u/4r7ur_IXI · 3 pointsr/DnD

Run Lost Mine Of Phandelver, it's the adventure that comes with the starter set.

u/CommissarPenguin · 3 pointsr/DnD

Best option:
You can buy the starter set, as it comes with basic rules, a low level campaign, some pre-made characters, and one set of dice. That's enough for you and a couple friends to play together for several weeks. It generally costs less than 20 bucks.

Second Best Option:
You can get the basic rules for free from Wizard's page.
Make yourself up a few characters to see how it works.
Buy yourself some dice:;amp;qid=1484696538&amp;amp;sr=8-14&amp;amp;keywords=rpg+dice

And now go on and find a group. Or hit up your local game stores and ask if they have adventure's league (a semi-official dnd local club meetup).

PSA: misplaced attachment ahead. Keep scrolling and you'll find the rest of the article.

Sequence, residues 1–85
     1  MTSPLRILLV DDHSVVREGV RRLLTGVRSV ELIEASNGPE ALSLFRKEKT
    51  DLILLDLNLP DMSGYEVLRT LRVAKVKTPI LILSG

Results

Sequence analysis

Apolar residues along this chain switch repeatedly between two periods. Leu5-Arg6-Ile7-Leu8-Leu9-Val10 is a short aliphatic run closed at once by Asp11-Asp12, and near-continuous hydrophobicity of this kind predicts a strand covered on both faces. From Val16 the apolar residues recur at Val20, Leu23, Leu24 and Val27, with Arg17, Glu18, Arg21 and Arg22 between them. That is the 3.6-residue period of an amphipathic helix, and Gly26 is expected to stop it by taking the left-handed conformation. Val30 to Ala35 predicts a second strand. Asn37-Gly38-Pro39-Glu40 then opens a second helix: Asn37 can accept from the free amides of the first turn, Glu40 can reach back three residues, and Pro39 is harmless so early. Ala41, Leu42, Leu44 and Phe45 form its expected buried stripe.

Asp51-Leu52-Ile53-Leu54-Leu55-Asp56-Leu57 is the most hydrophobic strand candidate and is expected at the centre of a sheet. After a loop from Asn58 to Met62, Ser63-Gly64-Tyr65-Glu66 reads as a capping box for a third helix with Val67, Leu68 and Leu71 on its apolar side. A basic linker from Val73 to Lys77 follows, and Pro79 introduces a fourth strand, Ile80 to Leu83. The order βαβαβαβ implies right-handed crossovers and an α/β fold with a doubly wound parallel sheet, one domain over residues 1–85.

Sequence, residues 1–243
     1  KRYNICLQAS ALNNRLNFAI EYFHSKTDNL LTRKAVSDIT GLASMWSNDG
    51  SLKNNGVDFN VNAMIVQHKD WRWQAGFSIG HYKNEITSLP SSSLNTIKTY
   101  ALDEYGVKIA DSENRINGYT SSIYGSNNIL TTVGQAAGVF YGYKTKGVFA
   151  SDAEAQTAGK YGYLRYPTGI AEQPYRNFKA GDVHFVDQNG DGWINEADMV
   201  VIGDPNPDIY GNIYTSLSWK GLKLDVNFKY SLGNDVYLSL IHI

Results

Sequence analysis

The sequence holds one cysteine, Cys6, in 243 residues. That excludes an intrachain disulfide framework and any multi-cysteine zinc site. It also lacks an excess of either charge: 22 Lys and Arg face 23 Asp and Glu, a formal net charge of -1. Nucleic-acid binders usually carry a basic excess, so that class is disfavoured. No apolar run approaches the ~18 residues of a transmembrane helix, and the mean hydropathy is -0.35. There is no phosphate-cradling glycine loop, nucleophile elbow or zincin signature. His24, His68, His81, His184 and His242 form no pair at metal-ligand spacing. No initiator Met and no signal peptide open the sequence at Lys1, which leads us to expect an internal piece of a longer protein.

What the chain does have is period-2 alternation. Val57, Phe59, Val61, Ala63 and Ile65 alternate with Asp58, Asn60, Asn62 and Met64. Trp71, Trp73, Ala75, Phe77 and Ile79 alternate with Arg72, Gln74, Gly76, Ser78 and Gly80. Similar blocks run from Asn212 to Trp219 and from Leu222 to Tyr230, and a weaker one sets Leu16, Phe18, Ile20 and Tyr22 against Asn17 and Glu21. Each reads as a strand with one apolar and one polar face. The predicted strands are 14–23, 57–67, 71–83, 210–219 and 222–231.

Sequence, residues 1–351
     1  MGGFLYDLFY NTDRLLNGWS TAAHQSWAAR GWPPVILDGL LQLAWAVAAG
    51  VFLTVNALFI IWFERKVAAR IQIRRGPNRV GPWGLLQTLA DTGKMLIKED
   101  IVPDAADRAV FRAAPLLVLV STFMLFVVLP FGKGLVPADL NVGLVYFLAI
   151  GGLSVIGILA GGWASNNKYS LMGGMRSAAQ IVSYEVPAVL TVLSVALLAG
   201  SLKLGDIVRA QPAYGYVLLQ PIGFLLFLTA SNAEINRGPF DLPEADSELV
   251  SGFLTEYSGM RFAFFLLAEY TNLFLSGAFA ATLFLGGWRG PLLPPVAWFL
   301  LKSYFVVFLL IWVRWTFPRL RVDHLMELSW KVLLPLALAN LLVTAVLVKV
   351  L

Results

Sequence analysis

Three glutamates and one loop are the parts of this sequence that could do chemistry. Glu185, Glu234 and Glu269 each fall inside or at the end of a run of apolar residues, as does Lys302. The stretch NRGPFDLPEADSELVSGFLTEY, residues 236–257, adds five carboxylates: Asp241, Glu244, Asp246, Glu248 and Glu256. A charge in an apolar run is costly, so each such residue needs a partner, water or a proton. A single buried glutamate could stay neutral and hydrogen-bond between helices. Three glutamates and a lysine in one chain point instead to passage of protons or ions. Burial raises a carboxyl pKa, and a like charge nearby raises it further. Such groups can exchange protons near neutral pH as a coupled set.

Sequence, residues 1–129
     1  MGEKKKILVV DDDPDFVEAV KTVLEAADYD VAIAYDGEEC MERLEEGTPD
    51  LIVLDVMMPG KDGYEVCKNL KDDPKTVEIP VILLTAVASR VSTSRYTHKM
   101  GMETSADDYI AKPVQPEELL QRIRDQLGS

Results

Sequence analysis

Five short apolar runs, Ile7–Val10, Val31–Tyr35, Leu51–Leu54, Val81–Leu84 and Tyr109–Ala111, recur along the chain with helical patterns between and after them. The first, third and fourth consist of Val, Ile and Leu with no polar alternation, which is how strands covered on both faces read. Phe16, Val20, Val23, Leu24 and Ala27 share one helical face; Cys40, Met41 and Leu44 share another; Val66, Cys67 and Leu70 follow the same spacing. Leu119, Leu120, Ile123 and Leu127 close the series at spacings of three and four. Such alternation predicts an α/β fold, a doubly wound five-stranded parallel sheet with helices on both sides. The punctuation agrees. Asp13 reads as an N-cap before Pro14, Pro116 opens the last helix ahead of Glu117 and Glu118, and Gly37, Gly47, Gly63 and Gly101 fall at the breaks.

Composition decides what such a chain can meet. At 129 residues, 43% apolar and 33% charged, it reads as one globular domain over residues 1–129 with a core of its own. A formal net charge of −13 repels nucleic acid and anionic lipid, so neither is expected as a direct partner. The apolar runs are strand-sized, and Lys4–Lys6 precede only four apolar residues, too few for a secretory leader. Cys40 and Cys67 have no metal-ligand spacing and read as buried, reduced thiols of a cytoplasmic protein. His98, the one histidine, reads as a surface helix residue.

u/CritFailD1 · 3 pointsr/DungeonsAndDragons

One of the cheapest ways to get into D&amp;D 5e is to but the starters kit (link below). It contains one set of dice and enough information to run a premade adventure with premade characters. From there if you enjoy yourself I recommend buying the Players Handbook.;amp;qid=1474925689&amp;amp;sr=8-1&amp;amp;keywords=dnd+5e+starter+set

u/SoupOfTomato · 3 pointsr/boardgames

If you have a friendly local game store (FLGS) near you, they likely have it as well as the right dice. With any luck, they'd even have staff that are knowledgeable enough to help further.

If you don't, there's several online outlets, with amazon being the most obvious. Internet stores tend to have the advantage of a significant discount, but of course require waiting for the things to ship and arrive.

The absolute simplest way to get into it would be purchasing the Starter Set. It comes with simplified rules, one set of dice, and an adventure you can run.